- Jim Stanford discusses how unions and collective bargaining improve the standard of living for everybody:
The following figure illustrates the broad negative correlation between bargaining coverage and poverty: that is, the higher is bargaining coverage, the lower is relative poverty (and the more equal is income distribution). (It differs slightly from the simple scatter plot in the Unifor PowerPoint show because I have obtained one more update of each of the series.) Low-unionization high-poverty countries are grouped tightly in the top left (including Mexico, the U.S., Turkey, Japan, and Korea). High-unionization low-poverty countries are grouped tightly in the bottom right (including several countries in continental Europe and Scandinavia with near-universal bargaining coverage). The rest of the OECD countries form a broad cloud between those two poles, with much variation but still a clear negative correlation.
...- Meanwhile, Jared Bernstein duly mocks the business spin that it's difficult to find workers willing to accept pitiful wages and working conditions. And Andrew Oswald and Nattavudh Powdthavee help to explain the origins of the apparent belief that wealth is equivalent to an entitlement to exploit others, finding a strong increase in anti-social attitudes and self-entitlement among lottery winners who plainly didn't acquire their wealth by merit:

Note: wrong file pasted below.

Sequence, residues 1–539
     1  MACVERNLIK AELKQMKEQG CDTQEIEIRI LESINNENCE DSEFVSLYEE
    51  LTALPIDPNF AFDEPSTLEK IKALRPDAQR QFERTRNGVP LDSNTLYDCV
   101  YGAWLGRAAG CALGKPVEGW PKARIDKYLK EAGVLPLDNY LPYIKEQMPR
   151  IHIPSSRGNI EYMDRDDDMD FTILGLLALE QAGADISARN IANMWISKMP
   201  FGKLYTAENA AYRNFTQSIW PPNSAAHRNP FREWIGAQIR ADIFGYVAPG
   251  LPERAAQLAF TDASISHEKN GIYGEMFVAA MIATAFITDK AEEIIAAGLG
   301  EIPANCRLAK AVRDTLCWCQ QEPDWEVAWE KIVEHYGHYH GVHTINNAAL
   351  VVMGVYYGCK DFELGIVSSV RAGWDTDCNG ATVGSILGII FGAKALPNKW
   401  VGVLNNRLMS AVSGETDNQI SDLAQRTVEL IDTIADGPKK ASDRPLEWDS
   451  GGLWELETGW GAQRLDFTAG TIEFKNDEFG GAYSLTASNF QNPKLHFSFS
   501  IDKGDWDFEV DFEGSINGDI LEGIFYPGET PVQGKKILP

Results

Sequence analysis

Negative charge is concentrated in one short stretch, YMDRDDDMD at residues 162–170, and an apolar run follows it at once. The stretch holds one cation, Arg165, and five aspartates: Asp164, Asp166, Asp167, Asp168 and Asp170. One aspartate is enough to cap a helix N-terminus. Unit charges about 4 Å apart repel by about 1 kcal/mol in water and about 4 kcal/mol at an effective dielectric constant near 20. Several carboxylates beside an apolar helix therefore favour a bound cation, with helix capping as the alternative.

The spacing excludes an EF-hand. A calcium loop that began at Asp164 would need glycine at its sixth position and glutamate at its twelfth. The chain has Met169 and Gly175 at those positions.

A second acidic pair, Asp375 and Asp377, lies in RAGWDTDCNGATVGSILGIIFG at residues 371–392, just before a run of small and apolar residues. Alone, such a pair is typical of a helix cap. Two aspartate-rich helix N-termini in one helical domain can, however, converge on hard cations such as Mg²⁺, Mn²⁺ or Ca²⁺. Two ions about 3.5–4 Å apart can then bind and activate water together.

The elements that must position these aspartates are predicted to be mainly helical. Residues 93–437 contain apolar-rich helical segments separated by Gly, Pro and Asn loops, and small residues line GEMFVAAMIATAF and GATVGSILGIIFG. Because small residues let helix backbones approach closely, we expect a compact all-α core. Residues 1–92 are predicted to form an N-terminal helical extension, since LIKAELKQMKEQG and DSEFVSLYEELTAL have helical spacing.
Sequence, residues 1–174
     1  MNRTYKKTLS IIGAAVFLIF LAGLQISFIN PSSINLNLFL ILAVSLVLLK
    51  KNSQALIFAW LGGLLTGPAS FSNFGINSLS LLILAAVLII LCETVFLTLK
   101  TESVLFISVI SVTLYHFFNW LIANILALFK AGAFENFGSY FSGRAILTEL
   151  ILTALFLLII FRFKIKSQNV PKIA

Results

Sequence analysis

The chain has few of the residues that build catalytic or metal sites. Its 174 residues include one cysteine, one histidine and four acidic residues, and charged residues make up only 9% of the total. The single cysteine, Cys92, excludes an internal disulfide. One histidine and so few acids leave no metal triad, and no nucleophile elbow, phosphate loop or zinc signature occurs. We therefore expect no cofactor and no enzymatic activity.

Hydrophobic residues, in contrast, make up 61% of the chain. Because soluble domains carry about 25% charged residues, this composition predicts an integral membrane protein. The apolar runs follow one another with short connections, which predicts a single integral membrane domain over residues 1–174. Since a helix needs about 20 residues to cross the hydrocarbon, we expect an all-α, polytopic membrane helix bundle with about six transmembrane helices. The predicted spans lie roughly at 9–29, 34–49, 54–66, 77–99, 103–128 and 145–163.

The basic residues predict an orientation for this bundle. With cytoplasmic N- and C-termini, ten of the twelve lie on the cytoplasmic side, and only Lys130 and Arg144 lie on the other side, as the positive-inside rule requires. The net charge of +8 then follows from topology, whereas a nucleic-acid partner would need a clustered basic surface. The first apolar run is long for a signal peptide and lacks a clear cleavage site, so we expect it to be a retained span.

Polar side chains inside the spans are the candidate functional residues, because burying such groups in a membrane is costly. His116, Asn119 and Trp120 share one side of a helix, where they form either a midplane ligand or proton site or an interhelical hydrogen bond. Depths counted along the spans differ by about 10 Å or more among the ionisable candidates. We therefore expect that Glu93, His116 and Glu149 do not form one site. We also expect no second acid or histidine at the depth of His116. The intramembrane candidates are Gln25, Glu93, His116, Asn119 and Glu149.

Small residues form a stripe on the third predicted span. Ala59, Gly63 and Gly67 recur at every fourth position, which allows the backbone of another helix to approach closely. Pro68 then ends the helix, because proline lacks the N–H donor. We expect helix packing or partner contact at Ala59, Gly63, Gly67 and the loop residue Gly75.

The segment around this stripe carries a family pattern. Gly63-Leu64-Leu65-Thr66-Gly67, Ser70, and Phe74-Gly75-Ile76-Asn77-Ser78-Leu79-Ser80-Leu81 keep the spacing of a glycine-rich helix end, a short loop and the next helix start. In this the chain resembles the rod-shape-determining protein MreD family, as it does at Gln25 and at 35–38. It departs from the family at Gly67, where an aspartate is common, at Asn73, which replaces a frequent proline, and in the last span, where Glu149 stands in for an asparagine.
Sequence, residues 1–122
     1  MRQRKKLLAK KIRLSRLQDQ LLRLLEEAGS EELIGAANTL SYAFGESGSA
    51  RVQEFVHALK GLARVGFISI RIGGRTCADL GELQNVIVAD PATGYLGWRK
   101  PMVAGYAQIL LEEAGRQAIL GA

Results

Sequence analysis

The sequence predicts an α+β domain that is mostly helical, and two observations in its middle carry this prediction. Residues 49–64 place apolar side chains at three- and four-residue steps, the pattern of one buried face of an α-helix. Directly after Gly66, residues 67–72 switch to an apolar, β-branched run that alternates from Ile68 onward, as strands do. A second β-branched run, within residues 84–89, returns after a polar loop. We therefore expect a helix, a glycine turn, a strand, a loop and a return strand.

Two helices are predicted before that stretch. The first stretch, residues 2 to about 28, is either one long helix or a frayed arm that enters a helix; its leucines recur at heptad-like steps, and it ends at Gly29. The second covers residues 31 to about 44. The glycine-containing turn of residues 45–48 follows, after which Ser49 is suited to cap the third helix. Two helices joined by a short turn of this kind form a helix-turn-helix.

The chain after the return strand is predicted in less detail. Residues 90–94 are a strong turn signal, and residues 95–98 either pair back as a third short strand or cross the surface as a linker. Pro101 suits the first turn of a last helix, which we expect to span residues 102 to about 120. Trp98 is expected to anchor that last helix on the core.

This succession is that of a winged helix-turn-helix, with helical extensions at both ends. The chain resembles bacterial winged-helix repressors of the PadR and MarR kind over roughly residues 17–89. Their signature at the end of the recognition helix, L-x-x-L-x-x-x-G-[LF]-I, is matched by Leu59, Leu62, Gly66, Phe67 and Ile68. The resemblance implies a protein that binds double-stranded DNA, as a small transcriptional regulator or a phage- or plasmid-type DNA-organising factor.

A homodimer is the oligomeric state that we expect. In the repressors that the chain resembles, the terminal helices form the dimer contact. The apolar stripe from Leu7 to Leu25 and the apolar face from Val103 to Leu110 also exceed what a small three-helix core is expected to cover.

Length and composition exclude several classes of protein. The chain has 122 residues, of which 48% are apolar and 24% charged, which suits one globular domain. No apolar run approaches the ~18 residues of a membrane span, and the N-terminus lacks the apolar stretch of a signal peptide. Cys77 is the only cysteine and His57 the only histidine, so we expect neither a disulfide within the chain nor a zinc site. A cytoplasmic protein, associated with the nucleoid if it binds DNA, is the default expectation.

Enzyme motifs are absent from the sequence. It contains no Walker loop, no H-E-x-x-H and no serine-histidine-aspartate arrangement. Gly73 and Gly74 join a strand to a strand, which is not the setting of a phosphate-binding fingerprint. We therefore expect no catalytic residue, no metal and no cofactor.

I think it is reasonable on this basis to make the following conclusion: Collective bargaining (rooted in unions and labour law) has a very important impact in reducing inequality and relative poverty. Differences in collective bargaining coverage explain about one-third of the differences in relative poverty across most of the industrialized world.
In our data set, many hundreds of individuals serendipitously receive significant lottery windfalls. We find that the larger is their lottery win, the greater is that person’s subsequent tendency, after controlling for other influences, to switch their political views from left to right. We also provide evidence that lottery winners are more sympathetic to the belief that ordinary people ‘already get a fair share of society’s wealth’.- Helaine Olen points out the furious lobbying by U.S. banks against the same type of postal bank proposal which would make eminent sense to strengthen Canada Post - signalling that the threat facing Canada's mail system might likewise trace back to the financial sector's desire to exploit residents who have little access to services.
- Andrew Nikiforuk writes about the continuing bitumen seepage from Alberta's tar sands. And the Chicago Tribune reports on yet another rail oil spill, this time in Pennsylvania.
- Finally, Karl Nerenberg notes that the Cons are lashing out against more and more perceived enemies as their stay in office continues. And Sarah Boon wonders whether Canada has gone too far done the Cons' anti-reason rabbit hole to turn back.